Increasing pregnancy rates at first service in dairy cows exposed to high ambient temperatures before and after calving



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Kansas Agricultural Experiment Station and Cooperative Extension Service


Cows exposed to heat stress before or after calving or both are prone to reduced fertility because of reduced expression of estrus and less embryonic survival if pregnant. Cows calving on three dairy farms during the summer of 1998 were studied. First inseminations were programmed to occur between 50 and 70 days in milk using the Ovsynch protocol, which included a timed artificial insemination. Control cows were treated similarly but did not receive the second injection of gonadotropin-releasing hormone and were inseminated only after estrus was detected (Select Synch). The Ovsynch protocol increased pregnancy rates from 17.6 to 31.3%, because AI submission rates were 100% and conception rates were not different from those of control (Select Synch) cows.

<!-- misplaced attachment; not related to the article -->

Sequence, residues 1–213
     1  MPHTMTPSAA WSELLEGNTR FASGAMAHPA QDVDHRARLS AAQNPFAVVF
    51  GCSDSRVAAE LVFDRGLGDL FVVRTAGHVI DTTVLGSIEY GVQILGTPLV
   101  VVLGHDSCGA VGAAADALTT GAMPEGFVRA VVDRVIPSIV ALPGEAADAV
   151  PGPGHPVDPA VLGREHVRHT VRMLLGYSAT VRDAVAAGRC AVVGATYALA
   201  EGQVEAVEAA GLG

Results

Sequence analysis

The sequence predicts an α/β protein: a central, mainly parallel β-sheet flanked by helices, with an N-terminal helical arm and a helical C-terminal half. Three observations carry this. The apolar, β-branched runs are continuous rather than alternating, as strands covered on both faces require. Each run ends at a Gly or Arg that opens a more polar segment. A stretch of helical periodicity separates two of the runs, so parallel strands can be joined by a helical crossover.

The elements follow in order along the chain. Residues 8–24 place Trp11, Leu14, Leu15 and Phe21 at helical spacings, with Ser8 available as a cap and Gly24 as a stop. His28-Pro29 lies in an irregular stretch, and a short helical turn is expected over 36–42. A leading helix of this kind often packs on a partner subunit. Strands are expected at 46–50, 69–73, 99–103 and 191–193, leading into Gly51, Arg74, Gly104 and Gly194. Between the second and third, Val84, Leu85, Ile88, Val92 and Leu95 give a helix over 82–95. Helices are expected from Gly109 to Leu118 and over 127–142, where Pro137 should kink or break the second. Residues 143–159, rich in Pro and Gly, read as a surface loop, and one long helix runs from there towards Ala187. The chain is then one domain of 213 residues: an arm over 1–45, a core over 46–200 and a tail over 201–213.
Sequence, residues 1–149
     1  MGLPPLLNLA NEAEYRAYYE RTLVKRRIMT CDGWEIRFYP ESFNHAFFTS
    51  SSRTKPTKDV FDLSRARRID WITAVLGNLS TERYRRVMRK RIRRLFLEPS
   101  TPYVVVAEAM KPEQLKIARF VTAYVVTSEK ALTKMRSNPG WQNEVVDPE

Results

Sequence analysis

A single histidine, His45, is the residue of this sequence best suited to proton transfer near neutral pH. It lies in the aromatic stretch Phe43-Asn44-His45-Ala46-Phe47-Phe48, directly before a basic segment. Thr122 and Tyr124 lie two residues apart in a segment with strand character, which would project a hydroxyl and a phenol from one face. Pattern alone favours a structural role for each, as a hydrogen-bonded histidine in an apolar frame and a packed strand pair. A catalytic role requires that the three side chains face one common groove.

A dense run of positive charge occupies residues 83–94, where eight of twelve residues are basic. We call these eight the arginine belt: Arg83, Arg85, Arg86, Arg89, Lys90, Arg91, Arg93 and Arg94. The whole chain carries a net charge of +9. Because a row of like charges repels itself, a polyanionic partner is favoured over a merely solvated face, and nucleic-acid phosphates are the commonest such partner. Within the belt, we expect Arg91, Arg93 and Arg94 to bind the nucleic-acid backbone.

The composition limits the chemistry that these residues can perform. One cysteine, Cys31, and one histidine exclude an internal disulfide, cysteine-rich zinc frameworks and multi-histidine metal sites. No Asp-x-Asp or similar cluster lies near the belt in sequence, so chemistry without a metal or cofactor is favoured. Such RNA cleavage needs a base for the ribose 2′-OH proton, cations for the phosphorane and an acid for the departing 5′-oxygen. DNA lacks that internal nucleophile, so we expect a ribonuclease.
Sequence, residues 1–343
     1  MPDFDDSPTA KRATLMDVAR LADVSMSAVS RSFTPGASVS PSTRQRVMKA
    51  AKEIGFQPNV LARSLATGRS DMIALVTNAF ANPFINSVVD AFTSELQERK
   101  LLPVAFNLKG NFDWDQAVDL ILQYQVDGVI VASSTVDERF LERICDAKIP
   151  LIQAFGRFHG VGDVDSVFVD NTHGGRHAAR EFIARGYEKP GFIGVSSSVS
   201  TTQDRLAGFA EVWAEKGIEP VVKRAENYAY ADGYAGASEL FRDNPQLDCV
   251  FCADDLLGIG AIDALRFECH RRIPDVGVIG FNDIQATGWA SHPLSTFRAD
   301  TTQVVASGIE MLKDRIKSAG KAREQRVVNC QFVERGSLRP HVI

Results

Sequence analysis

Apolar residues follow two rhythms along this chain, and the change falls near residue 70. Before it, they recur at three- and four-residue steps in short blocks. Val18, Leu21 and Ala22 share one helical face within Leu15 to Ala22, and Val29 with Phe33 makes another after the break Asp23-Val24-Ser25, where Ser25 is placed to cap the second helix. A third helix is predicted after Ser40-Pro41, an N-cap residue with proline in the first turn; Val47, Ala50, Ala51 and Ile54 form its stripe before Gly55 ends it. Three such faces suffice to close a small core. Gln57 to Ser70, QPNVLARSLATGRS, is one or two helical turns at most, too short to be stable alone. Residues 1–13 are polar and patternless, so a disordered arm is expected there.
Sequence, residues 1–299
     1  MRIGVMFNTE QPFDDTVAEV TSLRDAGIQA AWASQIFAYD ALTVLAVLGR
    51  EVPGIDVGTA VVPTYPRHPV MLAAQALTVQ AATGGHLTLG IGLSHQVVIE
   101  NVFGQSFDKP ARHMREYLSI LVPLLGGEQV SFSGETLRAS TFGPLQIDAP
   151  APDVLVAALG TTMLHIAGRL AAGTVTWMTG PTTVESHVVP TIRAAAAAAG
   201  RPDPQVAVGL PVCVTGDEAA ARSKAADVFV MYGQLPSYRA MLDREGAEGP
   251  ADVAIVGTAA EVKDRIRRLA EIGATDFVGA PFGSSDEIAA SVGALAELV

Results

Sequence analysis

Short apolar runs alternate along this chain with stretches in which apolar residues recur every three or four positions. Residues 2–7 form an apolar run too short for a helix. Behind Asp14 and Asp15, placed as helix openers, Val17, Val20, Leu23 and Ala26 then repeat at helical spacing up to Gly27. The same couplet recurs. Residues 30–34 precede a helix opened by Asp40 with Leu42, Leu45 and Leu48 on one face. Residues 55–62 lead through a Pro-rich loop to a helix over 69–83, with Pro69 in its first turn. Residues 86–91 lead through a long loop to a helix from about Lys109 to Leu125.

Dairy, Ovsynch protocol, Heat stress, Estrus